Ruby code in Elixir project

Did you know that you can fire up ruby code inside an Elixir project?

I haven’t done any benchmarks, but I have a feeling it would be too slow for production, however, coding and trying out crazy stuff is fun, right?

Let’s jump into it by creating a new project:

~/$ mix new ruby_elixir
* creating README.md
* creating .gitignore
* .....

and cd into our project folder.

We are going to use ExPort - a wrapper for Erlport, a library for Erlang which helps connect Erlang to Python and Ruby. Now, I’m a Rubyist, so this blog post will be written in Ruby and Elixir.

To install the Export package, we’ll need to add it to our dependencies list:

# mix.exs
defp deps do
[{:export, “~> 0.0.7”},
{:erlport, github: “hdima/erlport”, manager: :make}]
end

We’ll then run mix deps.get:

~/ruby_elixir$ mix deps.get
* Getting erlport (https://github.com/hdima/erlport.git)
.......
Using locally cached package

So, in our lib folder, we’ll create two new folders - one named ruby, and one named ruby_elixir. Within the ruby_elixir folder, we’ll create a file called ruby_call.ex, and write the following into it:

# lib/ruby_elixir/ruby_call.ex
defmodule RubyElixir.RubyCall do
use Export.Ruby
  def ruby_call do
{:ok, ruby} = Ruby.start(ruby_lib: Path.expand(“lib/ruby”))
end
end

Cool. So first we’re using the use macro to import the ExPort’s Ruby library, then we’ll tell our ruby_call/0 function where our Ruby folder is located.

In our ruby folder, we’ll create another file called ruby.rb, and write the following into it:

# lib/ruby/ruby.rb
def hello_world
puts “Hello from Ruby”
end

Now, back to our ruby_call.ex file:

# lib/ruby_elixir/ruby_call.ex
......
def ruby_call do
{:ok, ruby} = Ruby.start(ruby_lib: Path.expand(“lib/ruby”))
  ruby
|> Ruby.call(“ruby”, “hello_world”, [])
end

Ruby.call takes 4 parameters. The ruby folder we got from the tuple, the filename, the ruby method, and the parameters. Since our ruby method doesn’t have any parameters, we should be good to go. Let’s fire up iEX and try it out:

~/ruby_elixir$ iex -S mix
iex(1)> RubyElixir.RubyCall.ruby_call
Hello from Ruby
:undefined

Sweet. It worked! Let’s try with some parameters:

# lib/ruby/ruby.rb
......
def hello(name)
puts “Hello #{name}”
end
--------------------------------------------------------------------
# lib/ruby_elixir/ruby_call.ex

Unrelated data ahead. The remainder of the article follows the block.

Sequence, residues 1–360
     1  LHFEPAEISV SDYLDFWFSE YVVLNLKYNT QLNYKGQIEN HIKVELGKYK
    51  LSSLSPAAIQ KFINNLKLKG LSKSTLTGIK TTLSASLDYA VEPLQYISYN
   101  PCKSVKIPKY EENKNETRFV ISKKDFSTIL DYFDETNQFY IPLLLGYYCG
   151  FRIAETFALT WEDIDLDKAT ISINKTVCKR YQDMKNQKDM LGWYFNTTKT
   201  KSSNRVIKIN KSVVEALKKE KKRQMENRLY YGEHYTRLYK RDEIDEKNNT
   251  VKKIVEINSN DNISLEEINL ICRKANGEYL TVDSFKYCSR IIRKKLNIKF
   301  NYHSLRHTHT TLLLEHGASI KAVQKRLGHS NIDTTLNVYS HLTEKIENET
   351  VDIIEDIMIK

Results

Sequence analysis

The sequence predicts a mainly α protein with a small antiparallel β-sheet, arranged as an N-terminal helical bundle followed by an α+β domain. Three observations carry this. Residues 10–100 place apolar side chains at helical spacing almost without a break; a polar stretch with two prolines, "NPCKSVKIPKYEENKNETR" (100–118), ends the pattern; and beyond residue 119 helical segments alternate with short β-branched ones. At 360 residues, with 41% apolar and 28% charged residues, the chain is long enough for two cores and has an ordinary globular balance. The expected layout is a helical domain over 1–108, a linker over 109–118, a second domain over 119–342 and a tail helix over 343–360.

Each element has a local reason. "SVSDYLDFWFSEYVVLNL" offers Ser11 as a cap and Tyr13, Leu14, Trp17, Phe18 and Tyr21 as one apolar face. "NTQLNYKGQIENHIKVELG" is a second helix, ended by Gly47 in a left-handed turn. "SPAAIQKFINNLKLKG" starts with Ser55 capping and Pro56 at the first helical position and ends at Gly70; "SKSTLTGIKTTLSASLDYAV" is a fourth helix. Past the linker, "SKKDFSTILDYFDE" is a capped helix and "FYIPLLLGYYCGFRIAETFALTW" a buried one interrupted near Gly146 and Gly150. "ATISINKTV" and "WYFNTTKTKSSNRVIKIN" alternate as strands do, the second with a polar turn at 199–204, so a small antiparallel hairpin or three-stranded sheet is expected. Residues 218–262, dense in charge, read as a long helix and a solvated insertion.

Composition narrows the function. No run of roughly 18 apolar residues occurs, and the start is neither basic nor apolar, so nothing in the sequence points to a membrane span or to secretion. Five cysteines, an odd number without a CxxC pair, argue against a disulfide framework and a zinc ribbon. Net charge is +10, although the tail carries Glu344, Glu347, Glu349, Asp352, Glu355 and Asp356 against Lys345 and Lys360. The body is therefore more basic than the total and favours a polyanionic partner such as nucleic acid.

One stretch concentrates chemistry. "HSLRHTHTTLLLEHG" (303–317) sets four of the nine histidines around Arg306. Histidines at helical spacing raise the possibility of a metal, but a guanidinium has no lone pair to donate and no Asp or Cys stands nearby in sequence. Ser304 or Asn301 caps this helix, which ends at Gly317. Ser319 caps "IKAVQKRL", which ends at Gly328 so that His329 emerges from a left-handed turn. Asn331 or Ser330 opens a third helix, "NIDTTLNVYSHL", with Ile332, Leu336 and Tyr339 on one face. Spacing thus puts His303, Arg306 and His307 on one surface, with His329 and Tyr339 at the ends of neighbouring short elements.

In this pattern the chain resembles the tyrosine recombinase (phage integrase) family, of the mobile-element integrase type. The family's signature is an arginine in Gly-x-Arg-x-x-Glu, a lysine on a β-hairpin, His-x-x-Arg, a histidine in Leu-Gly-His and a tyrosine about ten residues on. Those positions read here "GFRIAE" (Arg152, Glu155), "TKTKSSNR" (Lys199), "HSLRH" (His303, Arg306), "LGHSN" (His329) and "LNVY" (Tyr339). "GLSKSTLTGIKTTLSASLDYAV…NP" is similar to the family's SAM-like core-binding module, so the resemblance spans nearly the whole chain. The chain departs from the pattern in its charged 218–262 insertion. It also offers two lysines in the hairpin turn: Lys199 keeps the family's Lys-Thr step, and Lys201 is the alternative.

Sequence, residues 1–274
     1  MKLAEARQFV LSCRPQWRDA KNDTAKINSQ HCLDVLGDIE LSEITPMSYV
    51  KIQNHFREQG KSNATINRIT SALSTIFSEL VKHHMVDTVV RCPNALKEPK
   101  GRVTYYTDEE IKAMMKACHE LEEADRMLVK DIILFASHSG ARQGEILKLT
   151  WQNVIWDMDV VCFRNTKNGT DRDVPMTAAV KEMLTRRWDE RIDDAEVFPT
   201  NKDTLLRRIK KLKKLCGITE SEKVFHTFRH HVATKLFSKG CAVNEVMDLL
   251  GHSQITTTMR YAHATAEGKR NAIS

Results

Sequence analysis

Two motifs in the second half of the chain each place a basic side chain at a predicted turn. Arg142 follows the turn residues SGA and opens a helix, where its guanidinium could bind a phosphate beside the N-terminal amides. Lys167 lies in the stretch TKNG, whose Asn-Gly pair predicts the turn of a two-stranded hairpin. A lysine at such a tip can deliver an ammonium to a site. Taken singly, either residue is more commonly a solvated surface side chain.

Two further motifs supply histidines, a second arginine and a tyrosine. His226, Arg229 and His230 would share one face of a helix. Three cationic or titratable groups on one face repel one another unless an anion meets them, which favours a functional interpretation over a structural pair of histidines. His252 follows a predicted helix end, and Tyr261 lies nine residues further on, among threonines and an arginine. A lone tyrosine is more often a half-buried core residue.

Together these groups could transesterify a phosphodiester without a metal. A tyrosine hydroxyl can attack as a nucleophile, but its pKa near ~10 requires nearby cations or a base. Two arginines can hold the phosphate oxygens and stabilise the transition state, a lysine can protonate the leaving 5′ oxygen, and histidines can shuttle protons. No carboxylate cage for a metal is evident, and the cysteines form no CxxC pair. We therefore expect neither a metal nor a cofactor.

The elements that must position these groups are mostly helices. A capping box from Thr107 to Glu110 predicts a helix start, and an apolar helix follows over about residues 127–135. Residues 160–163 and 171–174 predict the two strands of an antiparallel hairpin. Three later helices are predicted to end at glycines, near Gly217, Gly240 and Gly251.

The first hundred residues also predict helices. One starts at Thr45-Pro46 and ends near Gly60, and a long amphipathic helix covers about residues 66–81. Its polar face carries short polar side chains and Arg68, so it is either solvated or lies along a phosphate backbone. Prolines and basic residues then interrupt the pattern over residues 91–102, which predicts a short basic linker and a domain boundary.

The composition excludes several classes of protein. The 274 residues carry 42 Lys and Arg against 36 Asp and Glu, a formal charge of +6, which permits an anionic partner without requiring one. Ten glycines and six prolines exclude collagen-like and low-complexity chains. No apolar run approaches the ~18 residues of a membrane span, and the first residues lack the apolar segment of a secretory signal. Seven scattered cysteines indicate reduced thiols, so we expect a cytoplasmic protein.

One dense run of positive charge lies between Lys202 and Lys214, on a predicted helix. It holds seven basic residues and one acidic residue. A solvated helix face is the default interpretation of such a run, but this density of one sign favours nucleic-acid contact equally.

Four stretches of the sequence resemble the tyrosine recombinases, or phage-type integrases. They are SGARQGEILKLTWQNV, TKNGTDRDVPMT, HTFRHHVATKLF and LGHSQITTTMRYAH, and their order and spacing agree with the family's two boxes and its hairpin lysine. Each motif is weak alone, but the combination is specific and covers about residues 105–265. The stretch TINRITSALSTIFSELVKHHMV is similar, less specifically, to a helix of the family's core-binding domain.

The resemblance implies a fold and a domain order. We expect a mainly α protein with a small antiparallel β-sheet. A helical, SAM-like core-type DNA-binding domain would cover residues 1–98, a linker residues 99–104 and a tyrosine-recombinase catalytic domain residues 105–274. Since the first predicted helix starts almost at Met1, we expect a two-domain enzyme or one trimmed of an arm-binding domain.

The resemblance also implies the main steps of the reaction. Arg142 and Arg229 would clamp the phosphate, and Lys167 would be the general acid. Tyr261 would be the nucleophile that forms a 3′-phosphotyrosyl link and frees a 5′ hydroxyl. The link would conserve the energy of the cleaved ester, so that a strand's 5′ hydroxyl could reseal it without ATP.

......
def ruby_call(name) do
{:ok, ruby} = Ruby.start(ruby_lib: Path.expand(“lib/ruby”))
ruby
|> Ruby.call(“ruby”, “hello”, [name])
end

So we gave both our ruby method and our elixir function a new parameter name. Let’s see what happens if we run it:

iex> RubyElixir.RubyCall.ruby_call(“Stephan”)
Hello Stephan
:undefined

Pretty awesome. Say we have a killer Ruby gem that we want to include in our Elixir project. Is it possible to do more “sophisticated” things with this? Let’s give it a shot..

I really like Prawn, a very nice PDF gem in Ruby. Now, to use Ruby gems, we need a Gemfile in our root folder. We’ll create one, and write the following in it:

# Gemfile
source ‘https://rubygems.org'
gem ‘prawn’

Now, in our terminal, we’ll run bundle to install our gem:

~/ruby_elixir$ bundle
Fetching gem metadata from https://rubygems.org/
Fetching version metadata from https://rubygems.org/
Resolving dependencies…
Using pdf-core 0.6.1
......

Sweet! Looks like the gem is installed. Let’s see if we’re able to generate a pdf file with it. We’ll write up a new method in our ruby file:

# lib/ruby/ruby.rb
require "prawn"
......
def generate_pdf
Prawn::Document.generate("prawn_elixir_pdf.pdf") do
text "PDF generated with Ruby, Elixir and Prawn"
end
end

And we’ll change our elixir function accordingly:

# lib/ruby_elixir/ruby_call.ex
......
def ruby_call do
{:ok, ruby} = Ruby.start(ruby_lib: Path.expand(“lib/ruby”))
  ruby
|> Ruby.call(“ruby”, “generate_pdf”, [])
end

Let’s try and run it:

~/ruby_elixir$ iex -S mix
iex> RubyElixir.RubyCall.ruby_call
:undefined

That didn’t tell us much, however, it didn’t blow up, which is always a great thing. Now, if we now take a look in our root folder, we’ve got a new file! prawn_elixir_pdf.pdf. If we open it up, we can see the content of our freshly generated pdf — PDF generated with Ruby, Elixir and Prawn.

Until next time
Stephan Bakkelund Valois